Thanks for an informative post, I can't wait for your next post, possibly on the judging that is in so much need of a comprehensive make over of how to judge fairly and what to pin in all classes.

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  13. GHM - i too am shocked by he lack of knowledge amongst the judges in our sport. but i am even more shocked by the manner in which judges are selected. i wonder how many competitors are aware that all that is required to become a judge under the USEF rules is that one has the recommendation of a certain number of their friends. that's it. not testing, no courses, no review of discipline standards, goals or rules, etc. there is a short period of 'learner judging' under a confirmed judge, but that's all. just: 'do you know 10 people who think you'd make a good judge? great! you're in!' which kind of explains the sad state of our competitive sport and the politics that drives it....

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  14. I ride both english and western (Well... dressage and Western pleasure!) so my training methods are a bit unusual, to say the least!
    With my dressage horse, I ride in much the same manner you described--incredibly light, but still-there contact. It's such a nice feeling to have him curl up and the slightest twitch of my finger earn a response. :) The only time he is on a loose rein is when walking, stretching, etc.
    However!
    I ride my Paint in western and hunter classes. I do not train him 'traditionally', because yanking and seesawing on a bit doesn't help my horse stay collected. He is trained with a lot of dressage (leg yields, shoulders and haunches in, half-passes--you name it!) so that he uses his back and powers through with correct impulsion. Occasionally I train on a loose rein for Hunter classes (but I show with light contact) and of course, western classes are done completely without contact. If done slowly and correctly, I don't believe your hands will bump the bit in the mouth. If done softly, it's just like a slight attention call as the bit starts to take life in their mouth. My Paint holds the bit at all times (and often won't let go when I go to take it off! silly.), and picking up contact, be it western or english, he doesn't react negatively. (Head, open mouth, jaw resisting). Western pleasure horses (The good ones, not the majority) are trained for 'self-carriage'--so I often ride training sessions without much contact to see where I am!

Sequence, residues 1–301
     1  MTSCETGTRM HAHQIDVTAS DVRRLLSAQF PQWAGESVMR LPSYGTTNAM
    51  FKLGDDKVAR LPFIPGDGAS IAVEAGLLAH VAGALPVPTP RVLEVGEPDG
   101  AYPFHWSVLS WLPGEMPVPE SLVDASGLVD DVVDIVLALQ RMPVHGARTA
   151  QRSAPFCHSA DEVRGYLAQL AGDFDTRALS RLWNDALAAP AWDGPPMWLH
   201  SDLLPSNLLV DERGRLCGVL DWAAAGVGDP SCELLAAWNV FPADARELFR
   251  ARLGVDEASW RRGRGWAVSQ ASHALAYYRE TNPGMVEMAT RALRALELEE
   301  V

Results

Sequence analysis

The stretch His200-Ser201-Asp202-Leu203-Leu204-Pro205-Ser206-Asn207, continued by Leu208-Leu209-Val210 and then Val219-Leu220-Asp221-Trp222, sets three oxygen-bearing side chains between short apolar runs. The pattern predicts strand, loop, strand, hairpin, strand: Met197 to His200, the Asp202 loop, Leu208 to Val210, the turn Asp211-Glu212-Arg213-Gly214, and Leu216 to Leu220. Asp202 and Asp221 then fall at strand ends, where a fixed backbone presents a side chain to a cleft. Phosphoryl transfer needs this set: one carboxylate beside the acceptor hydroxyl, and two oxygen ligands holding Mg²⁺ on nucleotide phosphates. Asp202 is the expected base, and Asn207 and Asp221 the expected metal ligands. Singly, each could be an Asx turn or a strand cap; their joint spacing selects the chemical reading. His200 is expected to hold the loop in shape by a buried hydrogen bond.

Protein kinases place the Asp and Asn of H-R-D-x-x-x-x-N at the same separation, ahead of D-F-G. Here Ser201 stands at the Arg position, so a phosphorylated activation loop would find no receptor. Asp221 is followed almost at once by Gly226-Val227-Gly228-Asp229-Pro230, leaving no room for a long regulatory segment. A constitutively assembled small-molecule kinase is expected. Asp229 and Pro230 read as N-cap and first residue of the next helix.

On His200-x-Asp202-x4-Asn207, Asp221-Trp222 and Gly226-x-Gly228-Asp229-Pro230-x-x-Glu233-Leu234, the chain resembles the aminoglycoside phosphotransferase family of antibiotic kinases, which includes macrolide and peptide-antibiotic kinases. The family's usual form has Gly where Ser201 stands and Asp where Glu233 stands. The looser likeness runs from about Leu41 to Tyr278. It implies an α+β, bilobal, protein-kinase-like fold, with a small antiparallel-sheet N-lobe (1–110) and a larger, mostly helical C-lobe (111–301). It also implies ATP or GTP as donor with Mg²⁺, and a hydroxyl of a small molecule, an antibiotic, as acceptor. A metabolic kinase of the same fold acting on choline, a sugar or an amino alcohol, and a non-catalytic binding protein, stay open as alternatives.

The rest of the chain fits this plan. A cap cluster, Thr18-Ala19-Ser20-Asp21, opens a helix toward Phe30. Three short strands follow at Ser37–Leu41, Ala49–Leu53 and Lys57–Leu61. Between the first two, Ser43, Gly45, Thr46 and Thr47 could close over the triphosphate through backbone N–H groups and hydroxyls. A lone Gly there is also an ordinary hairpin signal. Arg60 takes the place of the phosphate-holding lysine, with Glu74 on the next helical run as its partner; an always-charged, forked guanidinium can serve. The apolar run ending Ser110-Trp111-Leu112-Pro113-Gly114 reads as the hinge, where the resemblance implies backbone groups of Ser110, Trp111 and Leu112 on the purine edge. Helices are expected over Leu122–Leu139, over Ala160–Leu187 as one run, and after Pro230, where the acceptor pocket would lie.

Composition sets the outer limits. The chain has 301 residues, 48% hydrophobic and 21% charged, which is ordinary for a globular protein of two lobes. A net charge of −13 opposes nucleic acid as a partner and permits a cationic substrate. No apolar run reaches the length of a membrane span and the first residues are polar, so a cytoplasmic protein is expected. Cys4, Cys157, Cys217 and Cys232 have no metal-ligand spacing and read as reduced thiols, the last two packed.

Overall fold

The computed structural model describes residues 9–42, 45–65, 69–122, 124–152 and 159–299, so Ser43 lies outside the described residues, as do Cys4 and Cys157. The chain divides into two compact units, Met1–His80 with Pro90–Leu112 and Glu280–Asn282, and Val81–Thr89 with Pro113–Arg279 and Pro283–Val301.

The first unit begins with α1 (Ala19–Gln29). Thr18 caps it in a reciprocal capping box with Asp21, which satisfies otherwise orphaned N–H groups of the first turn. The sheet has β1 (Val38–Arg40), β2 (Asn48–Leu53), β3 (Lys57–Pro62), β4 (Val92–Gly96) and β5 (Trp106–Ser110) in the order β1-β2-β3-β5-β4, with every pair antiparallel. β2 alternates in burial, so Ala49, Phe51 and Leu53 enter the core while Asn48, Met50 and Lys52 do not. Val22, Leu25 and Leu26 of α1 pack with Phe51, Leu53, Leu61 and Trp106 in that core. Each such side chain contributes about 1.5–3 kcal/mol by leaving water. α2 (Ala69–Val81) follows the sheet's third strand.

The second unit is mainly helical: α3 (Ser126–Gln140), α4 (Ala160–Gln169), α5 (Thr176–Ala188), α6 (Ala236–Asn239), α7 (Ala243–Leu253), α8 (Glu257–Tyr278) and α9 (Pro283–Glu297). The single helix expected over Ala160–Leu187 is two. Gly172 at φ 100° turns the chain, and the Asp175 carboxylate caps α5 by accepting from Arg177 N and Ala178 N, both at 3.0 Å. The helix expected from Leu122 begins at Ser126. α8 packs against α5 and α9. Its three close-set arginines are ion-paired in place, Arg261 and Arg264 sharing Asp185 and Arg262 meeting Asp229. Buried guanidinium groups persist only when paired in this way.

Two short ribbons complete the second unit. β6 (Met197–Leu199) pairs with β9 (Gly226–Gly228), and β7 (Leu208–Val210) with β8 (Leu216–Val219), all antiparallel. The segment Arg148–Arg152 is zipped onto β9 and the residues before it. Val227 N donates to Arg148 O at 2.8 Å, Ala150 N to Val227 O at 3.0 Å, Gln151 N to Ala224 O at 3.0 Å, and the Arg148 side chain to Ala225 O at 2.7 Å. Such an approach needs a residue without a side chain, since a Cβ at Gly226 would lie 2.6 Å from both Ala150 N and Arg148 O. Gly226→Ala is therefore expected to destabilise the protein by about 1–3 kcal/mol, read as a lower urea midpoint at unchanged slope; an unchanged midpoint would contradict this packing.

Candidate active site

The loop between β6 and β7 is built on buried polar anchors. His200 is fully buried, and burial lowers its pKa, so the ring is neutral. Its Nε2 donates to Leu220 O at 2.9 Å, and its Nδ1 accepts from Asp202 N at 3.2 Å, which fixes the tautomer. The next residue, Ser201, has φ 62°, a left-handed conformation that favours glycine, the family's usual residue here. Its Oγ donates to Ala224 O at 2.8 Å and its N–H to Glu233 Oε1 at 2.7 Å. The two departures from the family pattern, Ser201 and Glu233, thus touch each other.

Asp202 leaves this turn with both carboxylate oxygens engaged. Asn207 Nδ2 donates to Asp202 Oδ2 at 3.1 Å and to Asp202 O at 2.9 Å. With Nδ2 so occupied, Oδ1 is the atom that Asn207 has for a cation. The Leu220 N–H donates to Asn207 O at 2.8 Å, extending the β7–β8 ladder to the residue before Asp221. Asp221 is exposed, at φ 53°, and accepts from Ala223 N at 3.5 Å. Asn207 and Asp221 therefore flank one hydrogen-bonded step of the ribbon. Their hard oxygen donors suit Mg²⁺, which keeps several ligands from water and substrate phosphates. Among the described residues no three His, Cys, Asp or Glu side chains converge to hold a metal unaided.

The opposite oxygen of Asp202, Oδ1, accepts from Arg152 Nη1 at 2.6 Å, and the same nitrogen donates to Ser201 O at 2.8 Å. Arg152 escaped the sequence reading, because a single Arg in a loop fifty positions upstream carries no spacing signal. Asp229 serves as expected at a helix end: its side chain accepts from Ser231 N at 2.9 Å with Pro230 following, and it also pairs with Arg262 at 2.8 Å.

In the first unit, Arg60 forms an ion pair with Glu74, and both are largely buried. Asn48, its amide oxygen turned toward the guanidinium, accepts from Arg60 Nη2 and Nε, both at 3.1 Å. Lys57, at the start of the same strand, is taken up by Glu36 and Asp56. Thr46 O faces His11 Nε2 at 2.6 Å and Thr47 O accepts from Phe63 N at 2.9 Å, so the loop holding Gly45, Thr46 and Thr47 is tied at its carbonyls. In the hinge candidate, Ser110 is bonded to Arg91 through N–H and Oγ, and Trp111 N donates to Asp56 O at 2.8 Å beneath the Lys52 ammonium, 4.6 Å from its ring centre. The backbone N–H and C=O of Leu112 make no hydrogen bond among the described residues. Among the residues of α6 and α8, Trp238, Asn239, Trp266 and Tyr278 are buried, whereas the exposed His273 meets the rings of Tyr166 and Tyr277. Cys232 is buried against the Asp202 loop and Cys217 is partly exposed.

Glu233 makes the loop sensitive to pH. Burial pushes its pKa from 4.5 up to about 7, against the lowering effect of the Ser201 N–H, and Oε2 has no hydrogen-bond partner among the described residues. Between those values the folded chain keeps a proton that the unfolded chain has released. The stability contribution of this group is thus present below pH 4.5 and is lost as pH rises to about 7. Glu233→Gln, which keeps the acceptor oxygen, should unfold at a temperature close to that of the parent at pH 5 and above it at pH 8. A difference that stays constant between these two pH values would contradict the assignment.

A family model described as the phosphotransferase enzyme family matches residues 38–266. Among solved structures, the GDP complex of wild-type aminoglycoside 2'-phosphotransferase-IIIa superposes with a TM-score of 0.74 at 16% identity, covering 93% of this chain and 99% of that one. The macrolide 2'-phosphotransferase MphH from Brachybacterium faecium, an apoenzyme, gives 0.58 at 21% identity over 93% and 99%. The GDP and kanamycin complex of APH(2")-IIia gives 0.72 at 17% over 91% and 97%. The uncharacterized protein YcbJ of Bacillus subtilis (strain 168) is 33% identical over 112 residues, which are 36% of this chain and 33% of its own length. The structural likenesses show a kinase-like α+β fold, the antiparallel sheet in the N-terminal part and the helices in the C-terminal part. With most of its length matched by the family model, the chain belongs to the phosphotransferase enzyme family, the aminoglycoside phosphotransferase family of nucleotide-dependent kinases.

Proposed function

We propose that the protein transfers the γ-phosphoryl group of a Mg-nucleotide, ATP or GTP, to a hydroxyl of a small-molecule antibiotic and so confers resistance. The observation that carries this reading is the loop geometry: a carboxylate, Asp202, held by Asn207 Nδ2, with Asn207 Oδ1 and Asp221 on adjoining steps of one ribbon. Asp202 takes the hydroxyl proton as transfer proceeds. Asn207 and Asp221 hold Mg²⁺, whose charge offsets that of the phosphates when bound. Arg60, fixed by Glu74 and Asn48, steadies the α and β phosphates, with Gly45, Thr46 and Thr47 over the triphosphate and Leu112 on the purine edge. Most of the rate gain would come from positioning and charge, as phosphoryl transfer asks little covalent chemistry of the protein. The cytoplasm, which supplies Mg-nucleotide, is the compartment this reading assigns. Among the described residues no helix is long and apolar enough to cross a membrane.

I also think there are problems on the other side, where horses learn to lean on bit and travel very heavily on the forehand! My dressage horse did this horribly, so we went back to classical dressage with a high degree of collection (or striving for it!) with very light contact.
    I believe I digress! But very informative post nonetheless. :)

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  15. DIJ - you make a good point: it is possible to occasionally ride on a loose rein if done responsibly.

    what i object to in the hunter ring is the way the horses are not in self-carriage (or in rare cases they are simply in 'i was schooled in draw reins and now my head is stuck like this' carriage.) the horses that flop around the hack class or between jumps are generally inverted, counter flexed and unbalanced. if they were properly carrying themselves, the loose reins wouldn't be so offensive...

    but of course, as you say, the flip side is that if contact is done improperly, you get the opposite effect: you get heavy horses and heavy hands.

    which is why i think the most important thing a rider should strive to perfect is correct use of the hand. even if your seat isn't great, if you have a good hand you can still be a good rider. but if your hands are not educated, you can never be a good rider, no matter how well you do everything else.

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  16. I wonder if the judges are reacting to the number of jumpers balancing on their horse’s mouth and continuously catching their horse’s mouth by making them ride without contact.

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  17. bhm - you've got a point there... i'm kind of guilty of thinking that way too: if you can't ride with a correct contact, just don't ride with one at all. between a looped rein vs. hanging off the horse's teeth, riding with no contact is usually the lesser of two evils...